Important technical advantages of certain embodiments of the present invention include a non-invasive method for monitoring a plumbing system. Certain embodiments of the monitoring system may couple to accessible locations of a plumbing system, such as supply lines, valves, and fittings. This permits the use of the system without requiring complicated installation procedures. Particular embodiments may be compact and portable as well, further increasing their versatility.
Other important technical advantages include the use of “off the shelf” components in a monitoring system. Particular embodiments use conventional technology, such as microphones, personal computers, and existing voice recognition software, which is adapted for use in conjunction with a plumbing system. This permits production of monitoring systems without requiring specialized components that may be expensive and difficult to install.
Still other important technical advantages of certain embodiments of the present invention include concealability. Particular embodiments may be placed in areas inaccessible by users of fixtures of the monitored plumbing system. This prevents unnecessary social embarrassment that may be associated with being monitored, and it also protects the monitoring equipment from vandalism.
Although certain technical advantages have been enumerated here, particular embodiments of the present invention may include some, none, or all of the enumerated technical advantages. Other technical be readily apparent to those skilled in the FIGURES, descriptions, and claims
For a more complete understanding of the present invention and its advantages, reference is now made to the following description, taken in conjunction with the accompanying drawings, in which:
Fixtures 102 represent any components of plumbing system 100 that use water from plumbing system 100 or provide waste water to plumbing system 100 for disposal. In the depicted embodiment, fixtures 102 include lavatories 102 a, water closets 102 b, urinals 102 c, and a floor drain 102 d. Those components, however, are only examples, and plumbing system 100 may include other fixtures 102, including faucets, drains, showers, baths, or other suitable devices. Fixtures 102 may be operated by users in any manner suitable to the type of fixture 102, such as opening a flush valve or lavatory valve.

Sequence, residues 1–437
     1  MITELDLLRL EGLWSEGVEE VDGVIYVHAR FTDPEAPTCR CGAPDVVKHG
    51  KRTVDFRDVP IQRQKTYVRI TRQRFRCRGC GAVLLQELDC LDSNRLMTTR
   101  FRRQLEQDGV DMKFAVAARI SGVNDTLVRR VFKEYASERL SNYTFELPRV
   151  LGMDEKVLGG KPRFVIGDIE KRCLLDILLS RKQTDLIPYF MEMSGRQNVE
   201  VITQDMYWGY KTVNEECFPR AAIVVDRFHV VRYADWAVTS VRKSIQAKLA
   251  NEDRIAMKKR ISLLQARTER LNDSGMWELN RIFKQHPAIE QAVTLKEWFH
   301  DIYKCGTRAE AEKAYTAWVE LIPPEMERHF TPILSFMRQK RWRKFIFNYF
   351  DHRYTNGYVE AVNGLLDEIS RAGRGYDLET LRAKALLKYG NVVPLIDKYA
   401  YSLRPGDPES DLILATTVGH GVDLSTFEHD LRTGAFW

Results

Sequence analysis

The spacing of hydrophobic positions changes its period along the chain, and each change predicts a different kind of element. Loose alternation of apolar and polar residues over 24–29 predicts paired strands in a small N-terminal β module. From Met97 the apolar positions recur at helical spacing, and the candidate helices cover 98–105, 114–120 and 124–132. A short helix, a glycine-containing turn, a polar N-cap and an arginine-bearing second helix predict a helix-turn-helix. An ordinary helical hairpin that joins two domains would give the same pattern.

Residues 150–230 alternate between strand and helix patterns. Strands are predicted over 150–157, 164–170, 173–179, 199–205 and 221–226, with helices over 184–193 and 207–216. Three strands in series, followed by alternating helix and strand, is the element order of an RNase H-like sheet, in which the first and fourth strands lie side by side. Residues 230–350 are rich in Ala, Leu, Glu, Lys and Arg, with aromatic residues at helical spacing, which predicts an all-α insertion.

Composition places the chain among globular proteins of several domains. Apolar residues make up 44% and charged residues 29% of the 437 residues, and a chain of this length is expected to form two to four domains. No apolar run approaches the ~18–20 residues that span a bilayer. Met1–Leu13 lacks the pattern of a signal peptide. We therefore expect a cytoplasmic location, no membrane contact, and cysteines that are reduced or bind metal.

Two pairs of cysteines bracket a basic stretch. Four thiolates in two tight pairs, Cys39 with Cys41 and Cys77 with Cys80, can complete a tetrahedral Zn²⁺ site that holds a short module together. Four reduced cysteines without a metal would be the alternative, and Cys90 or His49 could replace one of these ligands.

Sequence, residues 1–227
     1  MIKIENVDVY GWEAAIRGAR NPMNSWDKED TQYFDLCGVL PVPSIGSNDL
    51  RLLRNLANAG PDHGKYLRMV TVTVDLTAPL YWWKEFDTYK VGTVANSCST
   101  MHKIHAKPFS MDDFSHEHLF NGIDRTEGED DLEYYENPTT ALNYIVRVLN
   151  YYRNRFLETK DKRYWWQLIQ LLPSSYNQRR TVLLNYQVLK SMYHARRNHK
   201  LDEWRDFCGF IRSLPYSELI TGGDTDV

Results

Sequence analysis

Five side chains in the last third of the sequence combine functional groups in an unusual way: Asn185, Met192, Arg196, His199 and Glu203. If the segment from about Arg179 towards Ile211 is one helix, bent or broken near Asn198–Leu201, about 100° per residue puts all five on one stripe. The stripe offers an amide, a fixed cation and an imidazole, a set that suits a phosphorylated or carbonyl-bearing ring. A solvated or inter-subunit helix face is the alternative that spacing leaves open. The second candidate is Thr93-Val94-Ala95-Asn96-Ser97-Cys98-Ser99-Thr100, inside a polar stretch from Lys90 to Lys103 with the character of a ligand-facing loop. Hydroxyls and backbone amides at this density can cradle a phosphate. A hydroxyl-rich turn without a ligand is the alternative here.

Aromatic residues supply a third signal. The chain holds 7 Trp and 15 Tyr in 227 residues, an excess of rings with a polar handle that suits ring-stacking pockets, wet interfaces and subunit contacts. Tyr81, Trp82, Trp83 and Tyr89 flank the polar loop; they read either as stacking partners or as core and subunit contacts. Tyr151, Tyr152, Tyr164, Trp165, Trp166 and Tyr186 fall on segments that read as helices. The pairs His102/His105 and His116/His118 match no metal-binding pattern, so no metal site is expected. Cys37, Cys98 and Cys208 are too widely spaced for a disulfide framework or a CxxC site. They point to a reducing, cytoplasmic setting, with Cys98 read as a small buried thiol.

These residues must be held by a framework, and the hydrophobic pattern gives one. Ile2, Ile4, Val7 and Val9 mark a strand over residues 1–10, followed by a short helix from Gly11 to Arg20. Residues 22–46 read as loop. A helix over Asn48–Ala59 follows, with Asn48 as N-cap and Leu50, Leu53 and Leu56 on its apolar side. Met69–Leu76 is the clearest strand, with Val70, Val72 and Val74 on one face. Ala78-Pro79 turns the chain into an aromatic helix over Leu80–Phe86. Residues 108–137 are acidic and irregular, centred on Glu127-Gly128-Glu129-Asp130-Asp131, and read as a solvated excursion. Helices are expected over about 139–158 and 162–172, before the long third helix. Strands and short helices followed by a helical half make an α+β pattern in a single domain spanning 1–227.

Supply lines 104 and drain lines 106 represent any suitable collection of pipes, valves, fittings, junctions, gaskets, sealers, or other components for carrying water to fixtures 102 or draining water away from fixtures 102. Pipes used in plumbing system 100 may be made from metal, plastic, or other suitable materials. Plumbing system 100 may also include filtration devices, purifiers, disposals, or other devices coupled to supply lines 104 and drain lines 106. Various components of plumbing system 100 may operate at any suitable water pressure.
Monitoring system 200 monitors vibration produced in plumbing system 100 by the operation of fixtures 102. The vibrations sensed by monitoring system 200 are routinely generated due to turbulence in a fluid as it flows through valves, fittings and other turbulence-inducing objects, usually in association with a piping or plumbing system. One application of this process may be used to monitor plumbing fixtures used in restroom facilities. However, other plumbing uses may also be monitored with the scope of the invention. Although monitoring system 200 is shown as being coupled to a particular location in plumbing system 100, monitoring system 200 may be coupled to plumbing system 100 at any suitable location on supply lines 104, drains lines 106, fixtures 102, or any other area that permits detection of vibrations produced by fixtures 102. For reasons stated earlier, it is generally desirable to conceal monitoring system 100 from users of fixtures 102 to prevent embarrassment and to protect monitoring system 200 from vandalism.